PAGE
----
Under current English law, an English law debt can only be compromised by agreement or by the English courts. This is known as the "rule in Gibbs", after the 1890 Court of Appeal case which established the principle. It means an English court will not recognise the compromise of an English law debt under a foreign insolvency or restructuring procedure in which the creditor has not participated. (If a creditor has participated in the procedure, it may be deemed to have consented to its terms through that participation.) Though long-standing, this approach has proved controversial, raising questions of policy and legal theory. This note explains how two ongoing international restructurings have put the rule in Gibbs back under the spotlight and why creditors of English law debt owed by foreign entities should follow developments closely.
Pros and cons of the rule in Gibbs
The rule in Gibbs is potentially a source of comfort to a creditor of English law debt owed by a foreign entity. But it has been widely criticised as impractical, and inconsistent with:
- the English courts' willingness to compromise or discharge non-English law claims through English schemes and other procedures; and
- the emphasis on cross-border recognition and co-operation in the UNCITRAL Model Law on Insolvency (and, in England, the Cross-Border Insolvency Regulations 2006 (the CBIR)).
New York judgment in Agrokor
The rule in Gibbs also puts the English courts at odds with the approach of courts in many other jurisdictions, as illustrated in the recent New York judgment in Agrokor. In April 2017 the Croatian Agrokor group filed for protection under Croatian law. As part of the Croatian restructuring a settlement agreement was drawn up to restructure the group's debts. Just over two thirds of the debt subject to the Croatian settlement agreement was governed by English law, the remainder being governed by New York law.
In September 2017, the English courts recognised the Croatian restructuring as a foreign main proceeding (under the CBIR). However, the English courts have not yet been asked to recognise, or give effect to, the terms of the Croatian settlement agreement.
At the end of October 2018, the New York courts recognised the Croatian settlement agreement under Chapter 15 of the US Bankruptcy Code. In so doing, the US court ruled that recognition and enforcement of the Croatian settlement agreement was an appropriate exercise of comity and application of US law.
The court quoted Professor Fletcher's comment that "[t]he Gibbs doctrine belongs to an age of Anglocentric reasoning which should be consigned to history". It also observed that "England, of course, is free to continue to adhere to the Gibbs rule, but that does not mean that a U.S. bankruptcy court must follow the rule in deciding whether to recognize and enforce the decision of a court of another jurisdiction."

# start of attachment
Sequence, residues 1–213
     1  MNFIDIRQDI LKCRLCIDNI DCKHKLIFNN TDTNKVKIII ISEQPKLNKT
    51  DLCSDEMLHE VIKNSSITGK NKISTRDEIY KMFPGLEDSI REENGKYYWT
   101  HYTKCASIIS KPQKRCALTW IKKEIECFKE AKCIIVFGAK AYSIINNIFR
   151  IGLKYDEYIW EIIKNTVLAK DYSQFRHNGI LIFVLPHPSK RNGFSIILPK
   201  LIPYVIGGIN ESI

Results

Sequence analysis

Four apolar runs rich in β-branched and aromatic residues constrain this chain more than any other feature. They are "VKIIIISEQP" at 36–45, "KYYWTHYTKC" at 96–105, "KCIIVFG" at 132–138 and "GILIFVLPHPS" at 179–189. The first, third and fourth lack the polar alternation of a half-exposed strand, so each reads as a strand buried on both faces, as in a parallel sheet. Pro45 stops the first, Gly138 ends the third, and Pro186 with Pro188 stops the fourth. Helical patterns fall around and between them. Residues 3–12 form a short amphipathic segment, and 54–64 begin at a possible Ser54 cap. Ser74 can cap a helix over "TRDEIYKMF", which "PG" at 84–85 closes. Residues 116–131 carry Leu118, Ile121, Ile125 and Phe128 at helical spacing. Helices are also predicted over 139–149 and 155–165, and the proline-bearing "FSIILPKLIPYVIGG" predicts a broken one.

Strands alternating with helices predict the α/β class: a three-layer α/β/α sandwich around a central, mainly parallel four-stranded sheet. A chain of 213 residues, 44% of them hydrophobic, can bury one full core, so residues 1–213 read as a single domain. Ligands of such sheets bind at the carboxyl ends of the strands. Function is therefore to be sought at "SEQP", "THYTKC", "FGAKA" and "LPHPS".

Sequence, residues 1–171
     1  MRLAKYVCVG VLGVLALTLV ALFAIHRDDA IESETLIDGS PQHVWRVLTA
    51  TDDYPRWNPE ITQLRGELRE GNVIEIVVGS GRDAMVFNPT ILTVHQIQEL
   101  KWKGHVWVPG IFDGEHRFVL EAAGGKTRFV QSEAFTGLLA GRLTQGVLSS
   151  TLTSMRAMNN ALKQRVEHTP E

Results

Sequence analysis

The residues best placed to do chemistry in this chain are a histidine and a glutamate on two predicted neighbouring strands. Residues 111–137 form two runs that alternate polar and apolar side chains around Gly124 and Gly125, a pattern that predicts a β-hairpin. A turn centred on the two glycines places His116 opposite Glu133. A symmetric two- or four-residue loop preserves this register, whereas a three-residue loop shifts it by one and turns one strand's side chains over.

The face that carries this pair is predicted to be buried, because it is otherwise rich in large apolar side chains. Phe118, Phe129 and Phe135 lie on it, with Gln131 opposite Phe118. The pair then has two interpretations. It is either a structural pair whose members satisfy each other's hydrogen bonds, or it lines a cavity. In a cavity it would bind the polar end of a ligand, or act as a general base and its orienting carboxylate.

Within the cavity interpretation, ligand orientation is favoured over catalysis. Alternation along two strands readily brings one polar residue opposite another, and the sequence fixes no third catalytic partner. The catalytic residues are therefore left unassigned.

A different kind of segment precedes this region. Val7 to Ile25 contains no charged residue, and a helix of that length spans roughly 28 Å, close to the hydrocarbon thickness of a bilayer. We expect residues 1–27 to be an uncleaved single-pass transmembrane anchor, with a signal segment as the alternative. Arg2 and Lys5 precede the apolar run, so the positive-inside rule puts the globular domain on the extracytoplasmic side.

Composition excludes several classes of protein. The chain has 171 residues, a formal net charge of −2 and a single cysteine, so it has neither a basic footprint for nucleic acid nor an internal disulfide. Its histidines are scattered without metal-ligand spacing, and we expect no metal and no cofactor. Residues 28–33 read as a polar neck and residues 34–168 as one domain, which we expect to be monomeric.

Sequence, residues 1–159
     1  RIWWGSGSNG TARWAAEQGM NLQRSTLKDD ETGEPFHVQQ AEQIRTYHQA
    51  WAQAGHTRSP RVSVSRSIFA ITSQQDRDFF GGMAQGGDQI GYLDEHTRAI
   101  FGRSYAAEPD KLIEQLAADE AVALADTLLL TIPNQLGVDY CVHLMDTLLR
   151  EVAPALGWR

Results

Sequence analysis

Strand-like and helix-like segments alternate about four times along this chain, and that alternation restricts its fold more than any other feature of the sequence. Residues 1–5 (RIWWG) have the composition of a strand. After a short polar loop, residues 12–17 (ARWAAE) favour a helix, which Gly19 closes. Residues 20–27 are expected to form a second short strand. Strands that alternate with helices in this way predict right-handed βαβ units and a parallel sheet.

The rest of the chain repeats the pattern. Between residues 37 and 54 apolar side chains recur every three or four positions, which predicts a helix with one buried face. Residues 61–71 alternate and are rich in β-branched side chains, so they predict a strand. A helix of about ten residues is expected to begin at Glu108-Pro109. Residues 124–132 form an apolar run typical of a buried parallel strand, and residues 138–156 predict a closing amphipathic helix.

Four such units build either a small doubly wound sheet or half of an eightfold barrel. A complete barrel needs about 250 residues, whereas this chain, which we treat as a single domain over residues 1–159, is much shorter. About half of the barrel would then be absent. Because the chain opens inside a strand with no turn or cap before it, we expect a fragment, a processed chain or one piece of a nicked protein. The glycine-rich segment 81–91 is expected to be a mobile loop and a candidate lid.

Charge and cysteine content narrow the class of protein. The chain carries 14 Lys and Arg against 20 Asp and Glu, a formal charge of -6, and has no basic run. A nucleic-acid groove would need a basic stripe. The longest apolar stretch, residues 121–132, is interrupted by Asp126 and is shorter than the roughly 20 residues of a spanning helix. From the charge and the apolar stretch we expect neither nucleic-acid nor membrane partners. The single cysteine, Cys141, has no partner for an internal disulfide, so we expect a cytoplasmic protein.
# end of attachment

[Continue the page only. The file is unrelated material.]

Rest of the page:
The case of the International Bank of Azerbaijan
The Azeri restructuring of the International Bank of Azerbaijan (IBA) has been considered by the English courts several times this year. IBA is the largest commercial bank in Azerbaijan and entered a Azeri restructuring process in May 2017 with the aim of restructuring the bank's debts.
In May 2017, the English courts recognised the Azeri restructuring as a foreign main proceeding under the CBIR and granted a temporary moratorium preventing any creditors from bringing actions in the English courts to enforce its debts. IBA's foreign representative then brought an application for an indefinite moratorium in England, the effect of which would be to forever prevent creditors from enforcing their (English law governed) debts.
In rejecting this request, the English court held that it did not have jurisdiction under the CBIR to grant the indefinite moratorium since the CBIR provides a framework for procedural matters only. Further, any such order would be contrary to the rule in Gibbs: the effect of the moratorium would be the same as allowing the discharge of the debt. This decision is under appeal and the Court of Appeal's judgment is awaited.
It would take a decision of the Supreme Court to overturn the rule in Gibbs. No one can predict what the Supreme Court would rule on such a point. Would it consider the legal theory behind the original decision in Gibbs remains valid, or be persuaded by the policy arguments advanced by its critics? If either of the above cases reaches the Supreme Court, creditors of English law debts held by foreign entities should take particular note.
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